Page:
Reeling from the sudden closure of Gramophone last week, Singapore's music retail industry was dealt another blow with news that HMV will soon shut down its flagship store in Somerset.
HMV Singapore's general manager Michele Tan confirmed to The Sunday Times that Nov 4 will see the 313@Somerset outlet close for good.
No reason was given as to why it "mutually agreed" not to renew the store's lease with property group Lend Lease.
But the move will bring HMV down to a single, smaller outlet in Singapore at Marina Square.
This comes just 10 months after HMV's Hong Kong and Singapore business was bought over by Hong Kong equity firm Aid Partners Capital, a month after the British-based music giant went bankrupt in January.
Asked if HMV was planning to pull out of Singapore completely, Ms Tan would only say she is "not in a position to answer that question but as far as I know, it will be business as usual in Singapore".
Yet optimism is running low among music fans here, who have seen big names fall one after another as CD sales here decline in the face of cheaper online retail alternatives, such as Amazon.
US-based Tower Records and home-grown chain Sembawang Music Centre, which had 26 outlets at its peak, were the first to go in 2006 and 2009, respectively.
Gramophone, another local outfit, announced its closure earlier this month.
In February, the 19-year-old That CD Shop chain closed two of its outlets, in Paragon and Tanglin Mall, and is now left with four.
Mr Freddy Yim, a business development manager with a collection of some 7,000 CDs, believes the closing of HMV's flagship is another a nail in the coffin of the music retail business here.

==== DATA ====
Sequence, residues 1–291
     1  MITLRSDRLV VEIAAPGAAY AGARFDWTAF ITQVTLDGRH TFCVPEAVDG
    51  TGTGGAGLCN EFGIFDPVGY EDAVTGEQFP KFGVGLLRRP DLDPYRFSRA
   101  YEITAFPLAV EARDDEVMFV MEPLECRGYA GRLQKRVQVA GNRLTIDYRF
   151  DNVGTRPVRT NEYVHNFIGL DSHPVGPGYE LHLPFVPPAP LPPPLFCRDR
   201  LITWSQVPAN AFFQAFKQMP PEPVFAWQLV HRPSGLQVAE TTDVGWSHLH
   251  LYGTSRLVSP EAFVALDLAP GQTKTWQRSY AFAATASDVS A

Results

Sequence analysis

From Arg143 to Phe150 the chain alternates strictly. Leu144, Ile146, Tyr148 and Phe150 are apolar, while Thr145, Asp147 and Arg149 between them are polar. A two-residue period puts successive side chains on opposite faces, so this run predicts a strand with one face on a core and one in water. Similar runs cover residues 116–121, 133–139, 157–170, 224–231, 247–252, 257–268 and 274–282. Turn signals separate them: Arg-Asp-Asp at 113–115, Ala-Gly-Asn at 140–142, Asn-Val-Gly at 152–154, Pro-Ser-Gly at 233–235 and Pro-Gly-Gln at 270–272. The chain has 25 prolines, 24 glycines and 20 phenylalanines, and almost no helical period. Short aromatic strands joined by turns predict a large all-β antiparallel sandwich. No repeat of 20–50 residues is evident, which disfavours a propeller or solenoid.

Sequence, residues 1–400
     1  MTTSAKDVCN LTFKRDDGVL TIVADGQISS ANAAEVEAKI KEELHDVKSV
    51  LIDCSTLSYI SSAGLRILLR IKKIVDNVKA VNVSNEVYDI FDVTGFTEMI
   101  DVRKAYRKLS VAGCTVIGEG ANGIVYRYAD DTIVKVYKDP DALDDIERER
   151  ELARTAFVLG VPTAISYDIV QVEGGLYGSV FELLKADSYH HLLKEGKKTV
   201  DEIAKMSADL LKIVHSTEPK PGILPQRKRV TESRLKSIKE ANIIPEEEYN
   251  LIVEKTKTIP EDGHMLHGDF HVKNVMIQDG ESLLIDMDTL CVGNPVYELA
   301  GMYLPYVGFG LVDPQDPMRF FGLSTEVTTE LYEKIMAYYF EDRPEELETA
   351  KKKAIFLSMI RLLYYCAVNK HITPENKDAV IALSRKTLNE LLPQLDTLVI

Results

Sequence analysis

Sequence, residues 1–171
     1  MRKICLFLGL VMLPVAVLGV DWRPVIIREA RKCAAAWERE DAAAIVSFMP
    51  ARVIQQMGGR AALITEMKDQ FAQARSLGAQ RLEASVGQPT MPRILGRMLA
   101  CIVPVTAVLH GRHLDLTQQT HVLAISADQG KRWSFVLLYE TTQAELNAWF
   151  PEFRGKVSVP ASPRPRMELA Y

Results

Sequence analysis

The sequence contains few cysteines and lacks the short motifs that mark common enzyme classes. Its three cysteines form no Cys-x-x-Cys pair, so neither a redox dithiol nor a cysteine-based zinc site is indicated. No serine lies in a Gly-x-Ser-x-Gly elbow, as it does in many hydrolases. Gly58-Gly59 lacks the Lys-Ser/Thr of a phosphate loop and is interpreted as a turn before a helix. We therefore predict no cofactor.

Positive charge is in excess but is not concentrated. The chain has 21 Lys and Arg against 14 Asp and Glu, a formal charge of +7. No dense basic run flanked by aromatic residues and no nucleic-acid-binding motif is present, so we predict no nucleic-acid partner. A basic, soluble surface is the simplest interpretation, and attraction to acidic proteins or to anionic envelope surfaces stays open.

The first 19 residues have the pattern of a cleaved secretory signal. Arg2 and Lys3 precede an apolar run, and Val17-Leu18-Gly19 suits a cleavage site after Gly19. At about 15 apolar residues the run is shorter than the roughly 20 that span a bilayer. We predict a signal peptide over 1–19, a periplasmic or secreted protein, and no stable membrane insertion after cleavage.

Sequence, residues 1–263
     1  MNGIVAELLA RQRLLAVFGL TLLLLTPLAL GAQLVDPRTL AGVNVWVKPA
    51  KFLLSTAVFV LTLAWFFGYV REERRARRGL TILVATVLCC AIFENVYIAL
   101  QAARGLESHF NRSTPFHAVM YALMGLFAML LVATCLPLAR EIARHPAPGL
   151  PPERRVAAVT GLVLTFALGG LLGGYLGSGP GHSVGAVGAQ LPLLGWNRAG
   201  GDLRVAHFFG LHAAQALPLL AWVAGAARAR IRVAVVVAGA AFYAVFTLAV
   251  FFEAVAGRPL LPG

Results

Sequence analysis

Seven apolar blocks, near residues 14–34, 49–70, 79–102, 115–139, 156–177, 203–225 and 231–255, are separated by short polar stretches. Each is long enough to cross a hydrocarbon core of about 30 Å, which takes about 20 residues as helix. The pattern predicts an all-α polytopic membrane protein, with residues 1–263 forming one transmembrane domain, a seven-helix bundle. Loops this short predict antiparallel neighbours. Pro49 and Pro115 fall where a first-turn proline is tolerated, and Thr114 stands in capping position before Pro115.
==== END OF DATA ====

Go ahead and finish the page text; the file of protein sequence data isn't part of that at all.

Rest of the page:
He thinks it is only a matter of time before HMV disappears altogether.
"I really think this business just can't be sustained here any more," said the 41-year-old.
"Even music store owners tell me the way to go is through the Internet, where you can find cheaper deals and easily browse through reviews."
Figures from the Recording Industry Association (Singapore) earlier this year showed album sales fell to US$12.8 million in 2011, from US$15.7 million in 2010.
Speculation over HMV's uncertain future began four years ago when the company downsized its main store, moving from its 17,000 sq ft space in The Heeren to the 12,000 sq ft Somerset store.
After being acquired by Aid Partners, then marketing director for HMV Hong Kong and Singapore Emily Butt said her company was "rebranding" itself as a "home entertainment store".
But that seems to have done little to change its fortunes while music fans said the changes might have come too late.
"It's the end of an era. With HMV closing, we lose yet another avenue to purchase CDs off-the-shelf," said 22-year-old student Beatrice Zhuang, one of those browsing the shelves at HMV.
There were about 30 to 40 shoppers in the Somerset store yesterday afternoon when The Sunday Times visited.
The store is having a sale, with 30 per cent slashed off prices.
Teacher Edwin Tie, 34, said the experience of shopping in a brick-and-mortar store, where customers can interact with staff, is something he will sorely miss.
"Buying music online can be rather soulless," he said.